As we reflect further on these important matters, let us take a brief look at the key commitments found in the Creed of Nicaea, a confessional statement shared by all Christian traditions. The Creed of Nicaea (325/381) was drafted to refute the claim that Jesus was the highest creation of God and thus different in essence from the Father. When we contend today for Christ-centered higher education, we are in effect confessing that Jesus Christ, who was eternally the second person of the Trinity, sharing all the divine attributes, became fully human. Thus, to think of Christ centeredness only in terms of personal piety or activism resulting from following some aspects of the teachings of Jesus, while important, will be inadequate.

A healthy future for Christian higher education must return to the past with the full affirmation that when we point to Jesus, we seek the whole man Jesus and say that He is God. This is the great mystery of godliness, God manifested in the flesh (1Tim. 3:16). It is necessary that Christ should be both God and Man. Only as a man could he be the Redeemer for humanity; only as a sinless man could he fittingly die for others; only as God could his life, ministry, and redeeming death have infinite value and satisfy the demands of God so as to deliver others from death.

Any attempt to envision a faithful Christian higher education for the days ahead that is not tightly tethered to the great confessional tradition will most likely result in an educational model without a compass. The only way to counter the secular assumptions that shape so many sectors of higher education today is to confess that the exalted Christ, who spoke the world into being by his powerful word, is the providential sustainer for all life (Col, 1:15-17; Heb. 1:2).

As we seek to bring the Christian faith to bear on the teaching and learning process in the work of distinctive Christ-centered higher education, our strategy must involve bringing these truths about Jesus Christ to bear on the great ideas of history as well as on the cultural assumptions of our post-Christian context in light of God’s eternal truth. We, therefore, want to call for the work of higher education in the days ahead to take place through the lenses of the Nicene tradition that recognizes not only the Holy Trinity but also the transcendent, creating, sustaining, and self-disclosing Trinitarian God who has made humans in his image.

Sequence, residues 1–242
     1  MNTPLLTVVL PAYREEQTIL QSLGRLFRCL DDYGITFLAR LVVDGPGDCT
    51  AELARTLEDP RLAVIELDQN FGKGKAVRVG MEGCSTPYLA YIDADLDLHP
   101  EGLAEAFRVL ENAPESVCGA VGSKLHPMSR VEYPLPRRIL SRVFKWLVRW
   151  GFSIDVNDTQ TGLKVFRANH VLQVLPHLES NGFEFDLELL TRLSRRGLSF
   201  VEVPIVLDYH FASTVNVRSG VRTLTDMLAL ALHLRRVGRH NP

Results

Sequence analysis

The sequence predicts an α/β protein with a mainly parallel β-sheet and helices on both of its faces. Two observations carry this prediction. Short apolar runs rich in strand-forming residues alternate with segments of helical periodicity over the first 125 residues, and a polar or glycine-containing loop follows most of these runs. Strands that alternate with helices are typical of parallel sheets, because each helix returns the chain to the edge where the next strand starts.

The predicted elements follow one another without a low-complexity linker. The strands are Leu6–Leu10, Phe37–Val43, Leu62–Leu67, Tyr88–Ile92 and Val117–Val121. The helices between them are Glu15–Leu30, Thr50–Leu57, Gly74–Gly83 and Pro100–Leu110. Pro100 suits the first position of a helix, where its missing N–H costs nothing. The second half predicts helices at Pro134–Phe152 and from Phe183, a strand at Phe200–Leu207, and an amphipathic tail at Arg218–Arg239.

As I envision a blessed future for the shared work of Christian higher education, I am in no way naïve to the multifaceted challenges and multilevel changes all around us: financial, technological, denominational, educational, legal and cultural. I have offered a threefold focus in these three articles on the central and foundational commitments needed to envision and sustain a faithful future for Christian higher education where the Christian faith will inform and shape our teaching, learning, scholarship, and service. As we do so, I pray not only for renewed confessional convictions, but also for a genuine orthopraxy and a flourishing model of higher education that can be seen before a watching world.


David S. Dockery is the 15th president of Trinity International University and Trinity Evangelical Divinity School. Dockery, the author or editor of 30 books, formerly served for almost two decades as president of Union University.


Click below to read the other two articles in this series.

Part One: Christian Higher Education: A Distinctive Vision

Part Two: A Christian Worldview and Christian Higher Education


[Aspects of this article have been adopted from David S. Dockery,” “Christian Higher Education: An Introduction” in Christian Higher Education: Faith, Teaching, and Learning in the Evangelical Tradition, edited by David S. Dockery and Christopher W. Morgan (Wheaton: Crossway, forthcoming 2018) 11-25; also, David S. Dockery, “Christian Worldview, the Great Commandment, and the Christian Life,” in CBS Worldview Study Bible, edited by David S. Dockery and Trevin Wax (Nashville: Holman, 2018), 1593-1595.]


Image: Used with Permission